JEL: F21 F31
    Date: 2015–01
  5. By: Gabriel Bruneau; Kevin Moran
    Abstract: We estimate the link between exchange rate fluctuations and the labour input of Canadian manufacturing industries. The analysis is based on a dynamic model of labour demand, and the econometric strategy employs a panel two-step approach for cointegrating regressions. Our data are drawn from a panel of 20 manufacturing industries from the KLEMS database and cover a long sample period that includes two full cycles of appreciation and depreciation of the Canadian dollar. Our results indicate that exchange rate fluctuations have significant long-term effects on the labour input of Canada’s manufacturing industries, that these effects are stronger for trade-oriented industries, and that these long-term impacts materialize only gradually following shocks.
    Keywords: Econometric and statistical methods, Exchange rate regimes, Exchange rates, Labour markets, Recent economic and financial developments
    JEL: E E2 E24 F F1 F14 F16 F3 F31 F4 F41 J J2 J23
    Date: 2015
  6. By: Zsolt Darvas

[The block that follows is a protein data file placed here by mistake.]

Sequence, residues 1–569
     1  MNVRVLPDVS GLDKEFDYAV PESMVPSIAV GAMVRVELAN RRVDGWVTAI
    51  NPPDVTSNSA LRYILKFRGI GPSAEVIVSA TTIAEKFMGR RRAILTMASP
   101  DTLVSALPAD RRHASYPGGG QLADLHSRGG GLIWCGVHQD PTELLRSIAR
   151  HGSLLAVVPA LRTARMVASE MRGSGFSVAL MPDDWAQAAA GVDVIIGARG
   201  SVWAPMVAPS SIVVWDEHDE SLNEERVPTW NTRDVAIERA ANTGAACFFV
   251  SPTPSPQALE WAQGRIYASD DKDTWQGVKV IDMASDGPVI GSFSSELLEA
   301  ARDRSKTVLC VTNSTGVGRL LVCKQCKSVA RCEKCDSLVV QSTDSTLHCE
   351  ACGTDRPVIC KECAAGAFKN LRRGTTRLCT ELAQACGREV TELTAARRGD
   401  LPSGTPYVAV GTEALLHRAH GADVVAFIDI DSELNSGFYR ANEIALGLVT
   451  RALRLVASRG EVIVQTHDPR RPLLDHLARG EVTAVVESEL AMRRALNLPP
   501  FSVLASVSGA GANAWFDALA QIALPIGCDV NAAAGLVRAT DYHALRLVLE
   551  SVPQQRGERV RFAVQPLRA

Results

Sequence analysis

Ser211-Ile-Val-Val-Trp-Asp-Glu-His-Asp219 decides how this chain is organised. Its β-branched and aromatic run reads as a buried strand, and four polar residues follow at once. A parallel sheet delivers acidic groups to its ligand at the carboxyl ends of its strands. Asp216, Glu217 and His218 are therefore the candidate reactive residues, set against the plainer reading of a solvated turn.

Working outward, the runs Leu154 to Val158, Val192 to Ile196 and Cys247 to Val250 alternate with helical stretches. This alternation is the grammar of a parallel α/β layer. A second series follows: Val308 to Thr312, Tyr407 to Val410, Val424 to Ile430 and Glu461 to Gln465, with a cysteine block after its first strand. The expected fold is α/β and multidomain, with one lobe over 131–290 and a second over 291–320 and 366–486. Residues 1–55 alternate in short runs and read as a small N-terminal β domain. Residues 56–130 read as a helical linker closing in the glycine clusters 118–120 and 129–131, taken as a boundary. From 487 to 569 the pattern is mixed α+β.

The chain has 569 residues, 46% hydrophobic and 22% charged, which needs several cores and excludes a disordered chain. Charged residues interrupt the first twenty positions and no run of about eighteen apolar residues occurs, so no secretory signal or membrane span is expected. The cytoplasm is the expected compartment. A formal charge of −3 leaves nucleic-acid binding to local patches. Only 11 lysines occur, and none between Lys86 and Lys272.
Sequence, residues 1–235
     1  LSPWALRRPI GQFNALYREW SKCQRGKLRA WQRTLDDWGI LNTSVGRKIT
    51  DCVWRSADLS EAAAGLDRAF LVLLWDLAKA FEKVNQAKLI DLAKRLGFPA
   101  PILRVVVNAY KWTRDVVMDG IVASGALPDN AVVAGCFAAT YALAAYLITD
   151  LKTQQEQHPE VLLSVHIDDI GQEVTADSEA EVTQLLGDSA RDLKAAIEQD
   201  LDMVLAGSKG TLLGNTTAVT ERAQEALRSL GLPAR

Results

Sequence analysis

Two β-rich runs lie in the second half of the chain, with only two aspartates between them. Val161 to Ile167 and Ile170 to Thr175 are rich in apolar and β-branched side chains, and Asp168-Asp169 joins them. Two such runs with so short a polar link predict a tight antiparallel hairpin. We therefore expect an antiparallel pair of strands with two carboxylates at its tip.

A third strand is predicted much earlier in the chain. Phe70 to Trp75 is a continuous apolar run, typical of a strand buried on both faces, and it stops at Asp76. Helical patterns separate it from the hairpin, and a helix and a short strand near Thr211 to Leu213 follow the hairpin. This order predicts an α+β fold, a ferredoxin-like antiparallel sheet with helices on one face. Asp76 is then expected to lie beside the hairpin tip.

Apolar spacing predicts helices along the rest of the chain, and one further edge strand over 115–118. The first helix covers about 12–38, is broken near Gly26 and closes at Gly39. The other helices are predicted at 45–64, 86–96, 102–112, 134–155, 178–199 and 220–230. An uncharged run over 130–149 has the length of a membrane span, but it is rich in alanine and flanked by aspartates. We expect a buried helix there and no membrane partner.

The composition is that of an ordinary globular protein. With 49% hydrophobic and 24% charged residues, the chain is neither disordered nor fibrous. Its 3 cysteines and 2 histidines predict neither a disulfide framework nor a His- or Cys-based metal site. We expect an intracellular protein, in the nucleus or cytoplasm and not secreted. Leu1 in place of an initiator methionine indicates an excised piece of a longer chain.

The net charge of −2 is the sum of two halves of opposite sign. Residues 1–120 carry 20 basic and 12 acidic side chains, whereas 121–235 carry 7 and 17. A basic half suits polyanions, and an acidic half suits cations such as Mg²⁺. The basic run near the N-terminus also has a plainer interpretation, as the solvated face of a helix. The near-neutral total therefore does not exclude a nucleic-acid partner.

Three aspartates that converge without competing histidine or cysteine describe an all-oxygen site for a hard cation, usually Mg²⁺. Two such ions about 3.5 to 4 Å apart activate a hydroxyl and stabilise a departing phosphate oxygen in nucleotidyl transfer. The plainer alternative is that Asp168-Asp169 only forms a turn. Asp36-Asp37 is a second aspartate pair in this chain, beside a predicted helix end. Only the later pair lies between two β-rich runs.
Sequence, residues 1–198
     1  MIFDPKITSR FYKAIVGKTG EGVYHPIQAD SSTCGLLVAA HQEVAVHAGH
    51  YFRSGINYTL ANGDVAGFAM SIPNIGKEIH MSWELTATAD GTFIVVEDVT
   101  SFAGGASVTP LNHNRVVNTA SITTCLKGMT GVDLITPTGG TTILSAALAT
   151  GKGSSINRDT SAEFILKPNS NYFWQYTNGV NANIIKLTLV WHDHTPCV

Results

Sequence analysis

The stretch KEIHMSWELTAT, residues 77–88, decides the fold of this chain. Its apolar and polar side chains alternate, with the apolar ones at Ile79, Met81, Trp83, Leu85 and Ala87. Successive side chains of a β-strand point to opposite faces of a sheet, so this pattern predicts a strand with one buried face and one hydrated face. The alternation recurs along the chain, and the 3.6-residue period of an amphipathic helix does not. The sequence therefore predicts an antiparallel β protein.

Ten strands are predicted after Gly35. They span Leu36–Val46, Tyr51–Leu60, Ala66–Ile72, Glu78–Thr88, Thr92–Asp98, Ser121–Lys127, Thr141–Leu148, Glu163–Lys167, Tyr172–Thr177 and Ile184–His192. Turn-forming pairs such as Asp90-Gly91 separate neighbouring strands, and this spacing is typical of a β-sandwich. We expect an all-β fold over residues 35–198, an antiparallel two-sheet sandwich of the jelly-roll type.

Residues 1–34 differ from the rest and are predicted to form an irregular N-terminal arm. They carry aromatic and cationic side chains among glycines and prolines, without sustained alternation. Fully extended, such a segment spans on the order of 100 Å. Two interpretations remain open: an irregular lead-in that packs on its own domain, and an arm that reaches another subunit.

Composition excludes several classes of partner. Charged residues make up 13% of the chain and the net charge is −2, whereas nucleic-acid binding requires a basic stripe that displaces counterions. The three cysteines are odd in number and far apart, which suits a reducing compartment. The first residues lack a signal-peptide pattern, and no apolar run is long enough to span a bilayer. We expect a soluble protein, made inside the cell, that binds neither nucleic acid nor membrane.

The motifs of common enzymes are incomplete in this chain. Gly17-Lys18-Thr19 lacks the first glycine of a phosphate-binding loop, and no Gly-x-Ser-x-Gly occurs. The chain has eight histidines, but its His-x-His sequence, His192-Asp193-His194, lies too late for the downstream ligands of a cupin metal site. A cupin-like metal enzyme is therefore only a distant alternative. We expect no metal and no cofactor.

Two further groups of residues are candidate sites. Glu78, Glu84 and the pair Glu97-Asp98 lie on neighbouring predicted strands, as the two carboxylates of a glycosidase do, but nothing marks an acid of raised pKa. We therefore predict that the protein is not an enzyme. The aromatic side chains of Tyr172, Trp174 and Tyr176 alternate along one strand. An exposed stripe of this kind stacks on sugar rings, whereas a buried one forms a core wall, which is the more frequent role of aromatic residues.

Abstract: Global current account imbalances widened before the 2007/2008 crisis and have narrowed since. While the post-crisis adjustment of European current account deficits was in line with global developments (though more forceful), European current account surpluses defied global trends and increased. We use panel econometric models to analyse the determinants of medium-term current account balances. Our results confirm that higher fiscal balances, higher GDP per capita, more rapidly aging populations, larger net foreign assets, larger oil rents and better legal systems increase the medium-term current account balance, while a larger growth differential and a higher old-age dependency ratio reduce it. European current account surpluses became excessive during the past twelve years according to our estimates, while they were in line with model predictions in the preceding three decades. Generally, the gap between the actual current account and its fitted value in the model has a strong predictive power for future current account changes. Excess deficits adjust more forcefully than excess surpluses. However, in the 2004-07 period, excess imbalances were amplified, which was followed by a forceful correction in 2008-15, with the exception of European surpluses